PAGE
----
Engaging with Your SSA Chapter
The ideal relationship with advisor and student leaders is more art than science. Each chapter is unique and your relationship will likely require some trial and error, but here are two general principles to keep in mind:
- Your role is advisor, not leader.
- Get close to your chapter, but not too close.
You probably have your own set of strong beliefs, ideas, and goals for the chapter. It is important to be aware of these and still allow the student leaders to direct the chapters goals and activities. You should, of course, offer ideas and input, but the student leaders should direct and manage the chapter.
A few things to keep in mind when advising a secular student group:
- SSA chapters often draw a very diverse group of students. The students often have very different backgrounds and worldviews. As a result they may not have a set of common beliefs or interests. This is not a bad thing, and allows the group to participate in many different activities and programs. Forming a secular community around the group's interests (once the group figures that out) can be hugely beneficial and empowering to the group; whether it be a focus on community service, social justice, women's or LGBT rights, separation of church and state, or more!
- Students may also be away from their home lives for the very first time and that this is all a new experience to them. They may seek community but have not worked out exactly what they want out of a community or group. Encouraging the group to try a lot of different activities and types of programming will allow the group to find out what benefits the membership (and gets them excited and involved) the most.
Many advisors see a ‘normal' advising role as existing to simply help with admin needs and occasionally interjecting themselves to make sure the group survives and is recruiting. While group survival and recruitment is a key way for an advisor to be involved, there might be a lot of room, and need, for growth in your role as group advisor.
- You may want to make yourself available as more of a resource to this group than you might to a typical student group. You could become an active participant in the group’s planning meetings, to make sure that they can access any resources they might need. You might also want to draw from your experience and knowledge to help guide them or offer ideas on programming.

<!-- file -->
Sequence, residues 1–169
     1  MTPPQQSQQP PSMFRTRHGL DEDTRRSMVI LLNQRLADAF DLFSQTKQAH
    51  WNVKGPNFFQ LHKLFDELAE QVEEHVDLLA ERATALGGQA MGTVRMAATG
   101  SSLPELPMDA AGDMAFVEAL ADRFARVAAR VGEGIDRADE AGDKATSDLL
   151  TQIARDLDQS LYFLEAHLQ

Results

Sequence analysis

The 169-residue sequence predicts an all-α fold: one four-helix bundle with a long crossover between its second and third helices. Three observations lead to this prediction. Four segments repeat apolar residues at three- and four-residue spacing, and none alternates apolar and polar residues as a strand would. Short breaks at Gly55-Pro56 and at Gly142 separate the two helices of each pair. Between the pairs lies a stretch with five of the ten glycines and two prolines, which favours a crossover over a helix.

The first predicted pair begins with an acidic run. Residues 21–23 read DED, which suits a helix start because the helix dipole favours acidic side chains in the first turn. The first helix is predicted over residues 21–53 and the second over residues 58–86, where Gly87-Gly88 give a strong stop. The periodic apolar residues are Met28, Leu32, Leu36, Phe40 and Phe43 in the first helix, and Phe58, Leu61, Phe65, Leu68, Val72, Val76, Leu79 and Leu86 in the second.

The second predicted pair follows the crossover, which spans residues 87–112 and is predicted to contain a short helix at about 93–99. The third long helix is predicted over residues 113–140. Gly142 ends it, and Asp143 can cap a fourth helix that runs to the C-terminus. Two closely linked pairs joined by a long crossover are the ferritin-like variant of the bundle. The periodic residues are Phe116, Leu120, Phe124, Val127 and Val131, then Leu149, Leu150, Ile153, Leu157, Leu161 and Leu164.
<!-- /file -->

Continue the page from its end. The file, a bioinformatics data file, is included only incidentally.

- Try to make yourself available to students one-on-one if you can. This might be the first time a student has been open about their non-religious identity, and this can be hard. If they need more than you can offer them, be sure to point them to others on campus who can help. You might also consider becoming a Secular Safe Zone Ally.
- We know that you have many of your own commitments. Don’t get in over your head. Find out what balance works best for you and the group.
Additional ways you may wish to serve as an SSA Chapter Advisor:
- Become an active participant in the group’s planning meetings, to make sure that they are aware of the resources that are available to them. You might also want to draw from your experience and knowledge to help guide them or offer ideas on programming.
- Make yourself available to students one-on-one. This might be the first time a student has been open about their non-religious identity, and a sympathetic listening ear might be just what they need. If they need more than you can offer them, be sure to point them to others on campus who can help. Also, consider becoming a Secular Safe Zone Ally.
Videos by and for advisors
Barry Markovsky, advisor to SSA at USC, discusses the balancing act of providing support for an SSA affiliate without overpowering the student leadership.
Dan Batcheldor, advisor to SSA at FL Tech, discusses the balance between Advisor and Overlord